The objectives of any MYP subject state the specific targets that are set for learning in that subject. They define what the student will be able to accomplish as a result of studying the subject. The objectives of MYP language and literature encompass the factual, conceptual, procedural and metacognitive dimensions of knowledge. Each objective is elaborated by a number of strands; a strand is an aspect or indicator of the learning expectation. 2014 I&S guide A – Knowing and Understanding B – Investigating C – Communicating D – Thinking Critically

61 Objectives and assessment criteria
Look at the objectives on page 8; Compare them to the assessment criteria on page 27 WHAT DO YOU NOTICE?? WSL: Note the neat alignment b/w objectives and criteria – more so than in the old guides. All objectives/criteria clearly broken into strands.

62 I Object! Using the SoI you developed in the previous session, your group will need to determine: Which objective(s) and strands allow you to create an authentic summative assessment so that students can explore the SoI. Use the Individuals and Society objectives overview on pages 8 & 9 or 27 – 39 in the guide to determine which objectives and strands lead you in creating an authentic summative assessment WSL: Note that adjustments may be necessary once teachers begin to construct the summative assessment task

63 Identified objectives and strands are written here on the Unit Planner

64 Summative assessment tasks and the statement of inquiry
Summative assessment tasks must be designed to allow students to meet the objectives and explore the statement of inquiry. There should be a relationship between summative assessment task(s) and the statement of inquiry, and between these and the objectives.

65 Creating Summative Assessment Tasks
Inquiry Questions Statement of inquiry Concept Global Context Summative assessment task(s)

66 Construction time In your table groups begin to design and construct your summative assessment task(s) for the unit you have been developing. Remember: Summative assessment tasks must be designed to allow students to meet the objectives and explore the statement of inquiry. There should be a relationship between summative assessment task(s) and the statement of inquiry, and between these and the objectives. WSL to highlight the key evaluation questions for designing authentic summative assessment tasks (slide #68) and project during this construction time.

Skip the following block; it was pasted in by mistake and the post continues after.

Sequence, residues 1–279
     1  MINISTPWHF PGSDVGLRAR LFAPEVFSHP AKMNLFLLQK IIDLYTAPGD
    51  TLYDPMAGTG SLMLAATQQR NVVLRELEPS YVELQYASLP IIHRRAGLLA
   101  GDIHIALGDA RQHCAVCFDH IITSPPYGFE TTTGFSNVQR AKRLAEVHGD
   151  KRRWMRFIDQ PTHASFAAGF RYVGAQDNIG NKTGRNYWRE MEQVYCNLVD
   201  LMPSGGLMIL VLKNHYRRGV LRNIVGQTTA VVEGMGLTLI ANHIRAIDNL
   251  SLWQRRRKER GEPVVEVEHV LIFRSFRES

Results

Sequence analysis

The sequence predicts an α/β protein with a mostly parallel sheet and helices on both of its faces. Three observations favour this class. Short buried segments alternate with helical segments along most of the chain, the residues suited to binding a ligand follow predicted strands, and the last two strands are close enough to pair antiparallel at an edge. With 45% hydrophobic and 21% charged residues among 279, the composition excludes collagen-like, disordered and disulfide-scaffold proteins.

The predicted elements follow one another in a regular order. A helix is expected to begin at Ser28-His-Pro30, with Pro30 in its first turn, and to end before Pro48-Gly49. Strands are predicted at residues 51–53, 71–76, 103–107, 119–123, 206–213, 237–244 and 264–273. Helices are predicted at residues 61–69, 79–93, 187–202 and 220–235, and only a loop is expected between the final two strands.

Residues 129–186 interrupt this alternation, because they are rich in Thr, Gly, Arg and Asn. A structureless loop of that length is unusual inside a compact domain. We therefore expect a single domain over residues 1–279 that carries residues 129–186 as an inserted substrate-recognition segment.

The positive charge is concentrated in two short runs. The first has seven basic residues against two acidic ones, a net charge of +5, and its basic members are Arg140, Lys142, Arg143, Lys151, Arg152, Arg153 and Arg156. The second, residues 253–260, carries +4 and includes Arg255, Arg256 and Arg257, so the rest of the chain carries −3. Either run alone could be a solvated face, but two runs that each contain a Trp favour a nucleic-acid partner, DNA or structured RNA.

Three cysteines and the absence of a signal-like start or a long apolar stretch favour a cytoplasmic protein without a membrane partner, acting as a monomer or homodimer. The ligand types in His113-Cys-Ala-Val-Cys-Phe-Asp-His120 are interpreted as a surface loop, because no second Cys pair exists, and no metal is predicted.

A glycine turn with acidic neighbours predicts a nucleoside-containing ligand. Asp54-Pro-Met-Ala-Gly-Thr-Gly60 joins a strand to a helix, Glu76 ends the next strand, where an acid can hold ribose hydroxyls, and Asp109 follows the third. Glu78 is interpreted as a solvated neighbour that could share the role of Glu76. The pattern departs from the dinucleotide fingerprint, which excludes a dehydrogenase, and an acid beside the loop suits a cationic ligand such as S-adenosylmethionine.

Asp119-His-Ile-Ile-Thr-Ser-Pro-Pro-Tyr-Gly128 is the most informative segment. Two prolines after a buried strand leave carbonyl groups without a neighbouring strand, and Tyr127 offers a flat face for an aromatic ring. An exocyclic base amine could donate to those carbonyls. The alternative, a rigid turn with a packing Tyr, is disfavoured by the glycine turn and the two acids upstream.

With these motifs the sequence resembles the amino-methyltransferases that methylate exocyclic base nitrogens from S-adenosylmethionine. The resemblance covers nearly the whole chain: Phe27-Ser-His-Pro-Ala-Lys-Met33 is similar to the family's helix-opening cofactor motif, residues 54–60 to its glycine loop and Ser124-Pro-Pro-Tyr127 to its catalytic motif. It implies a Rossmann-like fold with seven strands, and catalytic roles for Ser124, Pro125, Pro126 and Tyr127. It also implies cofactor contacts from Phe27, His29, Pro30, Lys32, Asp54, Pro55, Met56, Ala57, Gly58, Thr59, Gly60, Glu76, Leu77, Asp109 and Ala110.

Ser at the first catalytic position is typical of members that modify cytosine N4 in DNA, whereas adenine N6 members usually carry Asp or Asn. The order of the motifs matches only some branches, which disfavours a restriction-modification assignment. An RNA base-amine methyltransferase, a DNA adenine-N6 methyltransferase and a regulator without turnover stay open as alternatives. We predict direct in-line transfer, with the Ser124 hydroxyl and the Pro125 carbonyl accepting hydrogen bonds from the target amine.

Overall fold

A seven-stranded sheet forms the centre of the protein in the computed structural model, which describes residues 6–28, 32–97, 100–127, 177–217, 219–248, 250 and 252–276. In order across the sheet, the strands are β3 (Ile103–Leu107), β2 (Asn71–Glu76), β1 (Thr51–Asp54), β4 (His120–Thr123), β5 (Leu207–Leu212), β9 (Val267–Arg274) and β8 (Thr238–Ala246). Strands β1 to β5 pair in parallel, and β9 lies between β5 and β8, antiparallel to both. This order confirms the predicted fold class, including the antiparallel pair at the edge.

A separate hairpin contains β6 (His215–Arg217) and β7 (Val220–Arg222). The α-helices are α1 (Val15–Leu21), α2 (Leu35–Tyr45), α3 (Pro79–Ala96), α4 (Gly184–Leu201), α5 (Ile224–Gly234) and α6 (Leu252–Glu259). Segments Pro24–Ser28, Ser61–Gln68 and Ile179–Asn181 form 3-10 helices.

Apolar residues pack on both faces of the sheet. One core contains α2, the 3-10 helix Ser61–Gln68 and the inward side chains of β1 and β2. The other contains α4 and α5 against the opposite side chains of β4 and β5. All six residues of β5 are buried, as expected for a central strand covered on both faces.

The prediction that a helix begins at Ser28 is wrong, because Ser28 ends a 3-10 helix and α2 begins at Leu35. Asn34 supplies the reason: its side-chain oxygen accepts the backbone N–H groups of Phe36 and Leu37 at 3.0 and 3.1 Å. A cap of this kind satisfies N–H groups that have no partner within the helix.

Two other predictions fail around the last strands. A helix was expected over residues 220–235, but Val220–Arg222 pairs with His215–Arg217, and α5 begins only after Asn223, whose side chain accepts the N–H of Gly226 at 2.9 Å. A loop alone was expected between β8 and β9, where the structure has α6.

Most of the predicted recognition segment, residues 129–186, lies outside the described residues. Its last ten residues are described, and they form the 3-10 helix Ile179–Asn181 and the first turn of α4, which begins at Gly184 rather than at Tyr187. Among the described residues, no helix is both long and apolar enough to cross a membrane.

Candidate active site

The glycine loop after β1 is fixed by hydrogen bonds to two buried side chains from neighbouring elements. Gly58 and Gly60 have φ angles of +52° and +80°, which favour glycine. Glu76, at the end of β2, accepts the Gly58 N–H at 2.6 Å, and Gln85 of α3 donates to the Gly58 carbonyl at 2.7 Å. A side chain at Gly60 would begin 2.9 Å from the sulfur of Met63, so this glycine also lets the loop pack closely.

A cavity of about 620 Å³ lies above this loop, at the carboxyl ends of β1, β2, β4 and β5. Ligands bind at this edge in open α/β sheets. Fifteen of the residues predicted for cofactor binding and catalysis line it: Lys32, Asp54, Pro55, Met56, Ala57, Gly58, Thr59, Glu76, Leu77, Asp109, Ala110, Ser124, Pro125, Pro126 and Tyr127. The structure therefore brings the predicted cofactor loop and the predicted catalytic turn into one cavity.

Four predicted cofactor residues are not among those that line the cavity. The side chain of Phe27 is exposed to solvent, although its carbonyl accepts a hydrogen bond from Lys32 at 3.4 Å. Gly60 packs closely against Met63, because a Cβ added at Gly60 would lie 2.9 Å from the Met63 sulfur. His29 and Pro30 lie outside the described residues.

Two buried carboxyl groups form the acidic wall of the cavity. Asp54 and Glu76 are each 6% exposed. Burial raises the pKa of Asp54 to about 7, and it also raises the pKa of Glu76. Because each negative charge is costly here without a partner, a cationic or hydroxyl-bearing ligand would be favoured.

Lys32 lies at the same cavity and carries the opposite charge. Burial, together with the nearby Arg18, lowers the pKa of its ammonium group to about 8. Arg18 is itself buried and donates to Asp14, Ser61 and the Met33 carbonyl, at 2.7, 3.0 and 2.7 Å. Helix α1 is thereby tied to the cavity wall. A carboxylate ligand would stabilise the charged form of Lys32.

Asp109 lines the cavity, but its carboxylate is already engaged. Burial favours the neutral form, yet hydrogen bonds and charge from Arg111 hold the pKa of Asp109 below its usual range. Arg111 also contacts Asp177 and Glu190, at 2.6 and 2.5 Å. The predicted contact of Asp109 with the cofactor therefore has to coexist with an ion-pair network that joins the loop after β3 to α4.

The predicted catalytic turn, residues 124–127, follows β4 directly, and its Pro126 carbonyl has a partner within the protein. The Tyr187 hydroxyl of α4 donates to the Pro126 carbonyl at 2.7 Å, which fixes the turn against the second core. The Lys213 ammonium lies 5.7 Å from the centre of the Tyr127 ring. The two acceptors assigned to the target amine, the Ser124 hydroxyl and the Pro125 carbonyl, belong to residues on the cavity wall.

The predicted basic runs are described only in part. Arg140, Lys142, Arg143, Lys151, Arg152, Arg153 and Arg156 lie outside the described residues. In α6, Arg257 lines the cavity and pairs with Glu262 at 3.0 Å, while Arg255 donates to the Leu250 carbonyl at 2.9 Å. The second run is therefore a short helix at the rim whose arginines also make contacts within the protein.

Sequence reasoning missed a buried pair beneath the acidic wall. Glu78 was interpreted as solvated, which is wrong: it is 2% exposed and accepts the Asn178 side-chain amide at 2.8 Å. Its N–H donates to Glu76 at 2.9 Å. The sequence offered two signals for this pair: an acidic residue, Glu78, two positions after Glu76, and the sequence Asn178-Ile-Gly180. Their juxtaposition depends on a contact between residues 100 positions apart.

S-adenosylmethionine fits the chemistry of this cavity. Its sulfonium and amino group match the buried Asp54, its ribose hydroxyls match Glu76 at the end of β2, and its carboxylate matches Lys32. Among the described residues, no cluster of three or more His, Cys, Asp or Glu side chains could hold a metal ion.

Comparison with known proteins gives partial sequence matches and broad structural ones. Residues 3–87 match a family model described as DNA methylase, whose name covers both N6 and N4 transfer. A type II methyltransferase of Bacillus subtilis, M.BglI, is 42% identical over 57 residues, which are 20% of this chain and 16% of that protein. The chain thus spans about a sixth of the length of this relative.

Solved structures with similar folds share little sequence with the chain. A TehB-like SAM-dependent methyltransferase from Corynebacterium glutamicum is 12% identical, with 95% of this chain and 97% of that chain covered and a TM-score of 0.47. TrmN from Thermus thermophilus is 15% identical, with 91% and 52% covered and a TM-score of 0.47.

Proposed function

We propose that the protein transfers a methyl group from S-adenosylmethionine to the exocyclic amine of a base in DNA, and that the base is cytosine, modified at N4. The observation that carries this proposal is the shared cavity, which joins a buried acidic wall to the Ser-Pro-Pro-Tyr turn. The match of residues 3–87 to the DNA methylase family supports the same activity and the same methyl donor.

67 GRASPS G = Goal “Your task is…” R = Role “ You are a…” A = Audience “Your audience is…” S = Situation “The challenge involves dealing with…” P = Product, Performance and Purpose “You will create a ___________ in order to _____________.” S = Standards and Criteria for Success “Your performance needs to…” Suggested structure to develop depth and complexity for the assessment task From Wiggins and McTighe- Understanding by Design WSL reinforces the need for there to be an authentic context to each task. If a global context is difficult to discern, then the task may not be authentic enough. GRASPS is a suggested tool for assessment design, not mandatory

68 Design Evaluation Read through the task created and evaluate using the following questions: Where does the task allow for each of the selected objective strands to be met? How and where does the task allow students to engage with the concepts of the unit? How and where does the task allow students to engage with the context of the unit? Does the task give students the opportunity to reach the highest descriptor band for each strand? How are the command terms used in the task? Was this an authentic summative assessment task, aligned to real world experiences? Why/Why not? WSL may have to refer participants to the MYP Command Terms at the back of the subject guide

69 Topic # 6 – Taught Curriculum: Approaches to Learning

70 Approaches to Learning (ATL)
ATL develops the learning skills to best prepare students for success in DP, IBCC and beyond ATL provides greater alignment between PYP, MYP, DP and IBCC The IB programmes share five broad skill organizers for ATL to provide a flow of skill development from the PYP through the MYP and into the DP: thinking skills social skills communication skills self-management skills research skills. When engaging with all MYP units of work, students will be developing and using their ATL skills. The purpose of ATL is to support student achievement measured against the subject-group objectives. A well-developed ATL framework will help develop the attitudes and skills needed to make learning effective.

71 VI. Information literacy VII. Media literacy Thinking
The MYP extends ATL skill categories into 10 developmentally appropriate clusters ATL skill categories MYP skill clusters Communication I. Communication Social II. Collaboration Self management III. Organization IV. Affective V. Reflection Research VI. Information literacy VII. Media literacy Thinking VIII. Critical thinking IX. Creative thinking X. Transfer ATL skills organizers/clusters are common to all disciplines, the responsibility of all teachers and the levels are differentiated for the age of the student.